NEW YORK CITY (WABC) -- I sat down with my breast surgeon, Dr. Elisa Port of Mount Sinai, about the mass and the 6 lymph nodes she removed during my surgery, and the complexities of triple-negative breast cancer.
"What's interesting is that, with triple negative, believe it or not, even though it is more aggressive and we typically associate lymph node spread with more aggressive, you don't see a lot of lymph node spread with triple negative, so that can be a tricky thing," said Dr. Port.
I also asked Dr. Port more about the staging of my breast cancer, which was equally as difficult.
"The staging of breast cancer has evolved," said Dr. Port. "By the old definition of staging, any tumor under 2 centimeters with negative nodes is a stage 1."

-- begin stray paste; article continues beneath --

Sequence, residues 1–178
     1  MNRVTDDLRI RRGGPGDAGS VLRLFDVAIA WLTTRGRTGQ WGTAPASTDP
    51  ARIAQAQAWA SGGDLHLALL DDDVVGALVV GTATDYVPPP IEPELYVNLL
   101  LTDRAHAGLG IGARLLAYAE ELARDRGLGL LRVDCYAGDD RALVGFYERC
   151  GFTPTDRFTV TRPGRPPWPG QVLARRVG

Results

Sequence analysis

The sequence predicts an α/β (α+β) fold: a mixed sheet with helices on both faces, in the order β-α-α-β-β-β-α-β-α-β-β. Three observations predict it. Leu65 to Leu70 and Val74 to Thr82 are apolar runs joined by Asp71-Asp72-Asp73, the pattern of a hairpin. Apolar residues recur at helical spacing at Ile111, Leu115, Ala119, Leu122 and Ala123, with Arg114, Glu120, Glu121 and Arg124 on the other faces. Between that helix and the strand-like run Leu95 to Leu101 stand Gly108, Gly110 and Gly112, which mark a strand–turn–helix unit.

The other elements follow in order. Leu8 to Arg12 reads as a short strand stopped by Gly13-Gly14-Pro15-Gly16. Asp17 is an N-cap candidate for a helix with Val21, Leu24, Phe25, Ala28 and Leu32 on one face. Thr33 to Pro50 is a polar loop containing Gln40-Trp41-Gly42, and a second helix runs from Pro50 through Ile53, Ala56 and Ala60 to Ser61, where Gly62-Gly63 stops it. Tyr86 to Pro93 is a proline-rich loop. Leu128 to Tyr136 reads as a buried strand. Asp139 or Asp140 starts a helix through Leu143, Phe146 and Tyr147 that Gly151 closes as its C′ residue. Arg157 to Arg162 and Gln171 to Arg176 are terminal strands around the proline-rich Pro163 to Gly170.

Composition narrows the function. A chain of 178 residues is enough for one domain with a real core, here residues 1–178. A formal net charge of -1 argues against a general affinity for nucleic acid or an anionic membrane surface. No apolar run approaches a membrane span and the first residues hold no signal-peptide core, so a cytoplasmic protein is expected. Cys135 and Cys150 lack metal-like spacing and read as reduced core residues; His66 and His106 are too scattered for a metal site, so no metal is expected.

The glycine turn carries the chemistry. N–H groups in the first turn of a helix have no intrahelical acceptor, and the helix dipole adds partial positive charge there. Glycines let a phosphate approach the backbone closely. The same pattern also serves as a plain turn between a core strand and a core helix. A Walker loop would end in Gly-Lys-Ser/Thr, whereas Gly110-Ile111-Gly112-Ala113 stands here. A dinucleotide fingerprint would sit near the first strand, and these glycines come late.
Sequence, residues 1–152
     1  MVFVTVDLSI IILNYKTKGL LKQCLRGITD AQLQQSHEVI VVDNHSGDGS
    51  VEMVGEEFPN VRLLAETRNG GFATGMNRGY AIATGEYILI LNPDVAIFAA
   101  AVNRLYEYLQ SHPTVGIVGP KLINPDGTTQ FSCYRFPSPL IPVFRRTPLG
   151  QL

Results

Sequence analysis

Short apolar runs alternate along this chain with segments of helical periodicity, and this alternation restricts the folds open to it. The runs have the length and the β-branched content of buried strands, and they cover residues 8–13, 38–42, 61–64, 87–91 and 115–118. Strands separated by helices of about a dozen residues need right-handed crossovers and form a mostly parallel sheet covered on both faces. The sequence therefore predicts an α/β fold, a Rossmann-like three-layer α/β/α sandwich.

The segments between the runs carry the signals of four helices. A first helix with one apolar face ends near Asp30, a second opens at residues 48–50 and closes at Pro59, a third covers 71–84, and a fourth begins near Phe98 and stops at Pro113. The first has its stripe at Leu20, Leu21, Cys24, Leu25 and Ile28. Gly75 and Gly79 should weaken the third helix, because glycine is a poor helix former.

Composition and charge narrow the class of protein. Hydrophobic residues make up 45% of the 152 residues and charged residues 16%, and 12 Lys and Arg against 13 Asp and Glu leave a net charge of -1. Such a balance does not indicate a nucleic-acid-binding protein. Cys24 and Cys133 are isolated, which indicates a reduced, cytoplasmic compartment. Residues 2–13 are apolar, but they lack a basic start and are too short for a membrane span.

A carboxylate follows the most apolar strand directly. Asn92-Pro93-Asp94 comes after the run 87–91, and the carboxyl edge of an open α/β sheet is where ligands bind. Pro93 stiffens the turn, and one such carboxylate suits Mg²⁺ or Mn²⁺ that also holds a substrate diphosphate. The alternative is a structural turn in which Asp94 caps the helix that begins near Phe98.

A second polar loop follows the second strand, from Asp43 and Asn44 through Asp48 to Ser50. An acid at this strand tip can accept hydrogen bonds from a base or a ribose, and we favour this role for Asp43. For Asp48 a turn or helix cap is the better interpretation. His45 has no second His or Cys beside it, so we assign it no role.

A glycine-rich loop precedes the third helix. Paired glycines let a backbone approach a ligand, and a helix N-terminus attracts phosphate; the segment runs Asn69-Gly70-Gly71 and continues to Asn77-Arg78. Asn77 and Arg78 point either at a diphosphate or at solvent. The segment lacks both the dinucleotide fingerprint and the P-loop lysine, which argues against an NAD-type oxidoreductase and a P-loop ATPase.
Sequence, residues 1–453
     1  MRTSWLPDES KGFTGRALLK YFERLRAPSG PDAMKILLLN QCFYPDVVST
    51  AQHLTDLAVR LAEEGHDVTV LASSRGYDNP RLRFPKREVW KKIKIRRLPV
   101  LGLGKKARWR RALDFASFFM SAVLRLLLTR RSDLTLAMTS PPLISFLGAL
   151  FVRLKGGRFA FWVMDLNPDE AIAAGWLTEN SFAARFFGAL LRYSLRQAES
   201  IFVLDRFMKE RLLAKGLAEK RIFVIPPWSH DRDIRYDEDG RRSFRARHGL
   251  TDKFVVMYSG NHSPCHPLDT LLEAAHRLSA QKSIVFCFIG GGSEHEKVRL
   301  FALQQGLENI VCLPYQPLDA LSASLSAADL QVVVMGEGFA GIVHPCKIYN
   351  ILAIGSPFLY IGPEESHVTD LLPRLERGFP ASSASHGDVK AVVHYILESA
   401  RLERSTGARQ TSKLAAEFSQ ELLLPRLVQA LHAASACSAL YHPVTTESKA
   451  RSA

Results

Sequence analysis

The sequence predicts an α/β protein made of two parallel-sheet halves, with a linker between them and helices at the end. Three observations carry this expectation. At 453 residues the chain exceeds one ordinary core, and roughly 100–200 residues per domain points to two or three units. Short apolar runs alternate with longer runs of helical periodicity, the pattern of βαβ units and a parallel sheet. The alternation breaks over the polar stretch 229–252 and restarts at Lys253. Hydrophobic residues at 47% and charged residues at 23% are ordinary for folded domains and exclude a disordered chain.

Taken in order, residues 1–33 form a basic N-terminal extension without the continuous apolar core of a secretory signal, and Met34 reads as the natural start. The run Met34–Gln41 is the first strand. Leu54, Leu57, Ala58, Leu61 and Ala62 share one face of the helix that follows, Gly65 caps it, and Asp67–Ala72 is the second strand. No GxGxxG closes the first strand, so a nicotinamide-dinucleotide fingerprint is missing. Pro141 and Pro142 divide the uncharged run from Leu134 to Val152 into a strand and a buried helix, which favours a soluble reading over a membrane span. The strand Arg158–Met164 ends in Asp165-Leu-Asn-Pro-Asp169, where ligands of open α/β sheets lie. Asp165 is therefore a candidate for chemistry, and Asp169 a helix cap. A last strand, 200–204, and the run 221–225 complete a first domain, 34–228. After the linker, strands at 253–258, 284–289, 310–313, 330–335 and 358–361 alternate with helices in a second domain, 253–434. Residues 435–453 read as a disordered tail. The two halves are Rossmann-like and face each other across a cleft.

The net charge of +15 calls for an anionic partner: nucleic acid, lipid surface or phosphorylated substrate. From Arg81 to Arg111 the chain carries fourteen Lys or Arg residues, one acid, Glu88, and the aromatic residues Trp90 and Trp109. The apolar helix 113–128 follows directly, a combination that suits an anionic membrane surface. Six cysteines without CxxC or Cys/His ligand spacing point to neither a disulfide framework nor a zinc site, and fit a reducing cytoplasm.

She went on to say, "In the new version of staging, triple negative is not usually considered stage 1."
Dr. Port explains precisely what triple negative means, that is, the negative receptors for the hormones estrogen and progesterone and the protein, HER2.
What this means is that triple-negative has fewer targeted therapies, since doctors can't use medications that target those three things.
That being said, there are still new options being explored, particularly for BRCA-positive patients.
We also discussed the problem of residual breast tissue after mastectomy.
"I do think there are some times when patients have other goals, which is a more natural look. Well, a more natural look could be code for leaving more tissue behind," said Dr. Port. "We always have to keep our eye on the prize -- giving someone the lowest possible chance of getting breast cancer. That has to be the shared goal."
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